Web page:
One of the truly pathetic characteristics of the current environment is how the bulls try to find comfort in any news that isn’t terrible while ignoring all the really terrible news.On March 21, Atlanta Fed president Dennis Lockhart spoke to the Rotary Club of Savannah about his visions of rate hikes as soon as April. He cited “sufficient momentum evidenced by the economic data to justify a further step at one of the coming meetings, possibly as early as the meeting scheduled for end of April.”
On March 22, the Richmond Fed reported that its index for manufacturing activity in its region jumped the most since 2010. I’m guessing that Uncle Dennis had that number the day before, when he spoke. Here’s the chart from the Richmond report:
Now, it is really stretching it to say this number means anything. This index has been flat to down for so long that less down looks like up. And it is only one month. The three month moving average is a lot less impressive. When the trend is down for so long and businesses finally decide to order again, it looks fantastic—for one month.
Also, you need to know how a so-called diffusion index like this one actually works. Companies are asked yes or no questions such as whether or not orders are up. If they were down by 1,000 last month and up by three this month, you report an increase. A tiny firm with an increase in three orders offsets a larger firm with a decrease in 500 orders.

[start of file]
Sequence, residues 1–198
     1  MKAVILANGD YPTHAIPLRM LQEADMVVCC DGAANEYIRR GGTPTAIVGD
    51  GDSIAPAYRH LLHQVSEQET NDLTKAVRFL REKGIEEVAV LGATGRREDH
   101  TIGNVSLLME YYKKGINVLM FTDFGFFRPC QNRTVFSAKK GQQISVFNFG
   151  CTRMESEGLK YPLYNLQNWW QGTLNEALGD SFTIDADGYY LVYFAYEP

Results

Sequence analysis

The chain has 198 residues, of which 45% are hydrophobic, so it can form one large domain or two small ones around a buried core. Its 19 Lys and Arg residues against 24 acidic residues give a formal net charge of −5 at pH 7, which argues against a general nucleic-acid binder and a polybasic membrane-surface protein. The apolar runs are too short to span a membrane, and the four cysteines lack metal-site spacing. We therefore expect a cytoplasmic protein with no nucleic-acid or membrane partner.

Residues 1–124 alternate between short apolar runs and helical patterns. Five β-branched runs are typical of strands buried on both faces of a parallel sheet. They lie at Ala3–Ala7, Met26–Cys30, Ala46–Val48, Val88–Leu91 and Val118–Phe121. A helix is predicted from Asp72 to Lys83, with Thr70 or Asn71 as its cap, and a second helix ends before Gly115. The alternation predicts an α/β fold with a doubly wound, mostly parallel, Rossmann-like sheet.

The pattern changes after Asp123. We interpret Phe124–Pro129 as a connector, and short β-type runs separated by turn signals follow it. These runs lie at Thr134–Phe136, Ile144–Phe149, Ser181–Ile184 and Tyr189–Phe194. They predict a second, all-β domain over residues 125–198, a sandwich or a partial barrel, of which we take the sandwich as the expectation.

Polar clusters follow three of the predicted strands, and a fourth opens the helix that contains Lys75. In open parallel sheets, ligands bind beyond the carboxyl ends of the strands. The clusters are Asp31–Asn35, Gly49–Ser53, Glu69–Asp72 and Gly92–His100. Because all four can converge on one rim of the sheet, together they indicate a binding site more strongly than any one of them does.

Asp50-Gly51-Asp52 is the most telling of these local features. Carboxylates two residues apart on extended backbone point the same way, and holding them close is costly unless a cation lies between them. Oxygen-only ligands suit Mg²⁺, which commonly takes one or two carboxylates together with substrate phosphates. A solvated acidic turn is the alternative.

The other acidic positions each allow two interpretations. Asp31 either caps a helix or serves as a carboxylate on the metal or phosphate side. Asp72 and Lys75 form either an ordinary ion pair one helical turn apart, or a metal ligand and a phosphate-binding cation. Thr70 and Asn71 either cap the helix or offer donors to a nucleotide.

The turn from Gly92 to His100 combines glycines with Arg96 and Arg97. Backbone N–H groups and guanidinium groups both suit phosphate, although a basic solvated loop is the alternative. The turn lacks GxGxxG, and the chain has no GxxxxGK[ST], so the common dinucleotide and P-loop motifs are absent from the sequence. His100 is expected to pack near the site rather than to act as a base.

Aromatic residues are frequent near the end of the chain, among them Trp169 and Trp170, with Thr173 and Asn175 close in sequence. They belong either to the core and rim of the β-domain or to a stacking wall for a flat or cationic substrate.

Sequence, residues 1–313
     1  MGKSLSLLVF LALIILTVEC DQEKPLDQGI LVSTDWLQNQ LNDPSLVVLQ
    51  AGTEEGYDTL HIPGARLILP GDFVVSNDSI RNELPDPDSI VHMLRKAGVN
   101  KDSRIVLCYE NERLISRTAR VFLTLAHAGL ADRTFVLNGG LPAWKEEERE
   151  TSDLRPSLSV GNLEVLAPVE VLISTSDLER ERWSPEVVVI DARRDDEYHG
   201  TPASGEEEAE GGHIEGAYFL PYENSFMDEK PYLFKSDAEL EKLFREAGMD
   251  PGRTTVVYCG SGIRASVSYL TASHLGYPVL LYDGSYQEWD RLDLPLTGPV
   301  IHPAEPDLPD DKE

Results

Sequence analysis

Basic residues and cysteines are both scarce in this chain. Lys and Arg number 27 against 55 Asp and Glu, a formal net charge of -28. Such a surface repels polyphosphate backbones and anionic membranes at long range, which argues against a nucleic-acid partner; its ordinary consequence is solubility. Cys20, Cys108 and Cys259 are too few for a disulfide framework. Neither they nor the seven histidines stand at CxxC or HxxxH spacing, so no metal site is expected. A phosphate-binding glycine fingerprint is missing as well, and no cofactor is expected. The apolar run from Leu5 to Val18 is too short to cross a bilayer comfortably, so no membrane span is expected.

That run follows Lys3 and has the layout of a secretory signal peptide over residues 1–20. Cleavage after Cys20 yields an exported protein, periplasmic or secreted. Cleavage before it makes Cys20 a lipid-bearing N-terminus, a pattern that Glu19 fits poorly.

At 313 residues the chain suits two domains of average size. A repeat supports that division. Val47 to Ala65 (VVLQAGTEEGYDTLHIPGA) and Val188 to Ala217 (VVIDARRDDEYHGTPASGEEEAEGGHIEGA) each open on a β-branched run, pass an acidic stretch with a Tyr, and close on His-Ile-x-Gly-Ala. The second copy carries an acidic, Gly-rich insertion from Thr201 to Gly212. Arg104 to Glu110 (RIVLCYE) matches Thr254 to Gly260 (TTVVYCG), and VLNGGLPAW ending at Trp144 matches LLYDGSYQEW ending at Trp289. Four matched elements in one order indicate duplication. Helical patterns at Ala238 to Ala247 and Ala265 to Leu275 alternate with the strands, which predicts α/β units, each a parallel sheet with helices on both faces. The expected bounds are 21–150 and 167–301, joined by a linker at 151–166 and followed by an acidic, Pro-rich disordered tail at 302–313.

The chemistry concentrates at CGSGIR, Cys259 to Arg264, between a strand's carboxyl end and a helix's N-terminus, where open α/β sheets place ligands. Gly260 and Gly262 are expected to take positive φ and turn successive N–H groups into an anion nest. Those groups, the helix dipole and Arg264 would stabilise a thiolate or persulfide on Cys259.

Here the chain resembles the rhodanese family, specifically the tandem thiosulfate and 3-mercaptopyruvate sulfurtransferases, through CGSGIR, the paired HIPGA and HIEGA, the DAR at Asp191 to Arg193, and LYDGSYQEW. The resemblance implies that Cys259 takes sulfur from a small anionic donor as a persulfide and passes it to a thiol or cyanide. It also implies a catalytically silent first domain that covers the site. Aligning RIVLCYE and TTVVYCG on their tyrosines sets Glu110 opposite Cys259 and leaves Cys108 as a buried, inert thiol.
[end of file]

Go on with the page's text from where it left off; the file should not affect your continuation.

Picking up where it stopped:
The other data that came out immediately after Lockhart’s speech told the real story. Existing home sales data were released on March 21, the national PMI manufacturing index came out on March 22, the new home sales report on
March 23 and durable goods orders on March 24. These reports ranged from poor to terrible. Existing home sales were down a ‘surprising’ 7.1% and durable goods orders fell 2.8%.
The Atlanta Fed where Uncle Dennis works publishes the GDPNow forecast, easily the most accurate predictor of upcoming U.S. GDP reporting. As of March 24, the GDPNow forecast for Q1 was updated to include all the new data. Here it is:
The GDPNow model forecast for real GDP growth (seasonally adjusted annual rate) in the first quarter of 2016 is now 1.4 percent as of March 24, down from its previous forecast of 1.9 percent on March 16, largely due to a sharp decline in estimated Q1 real equipment investment growth from 0.9 percent to -1.4 percent.
Is this the kind of economy that should be looking for Fed rate hikes in April? How can the Fed have any credibility at all?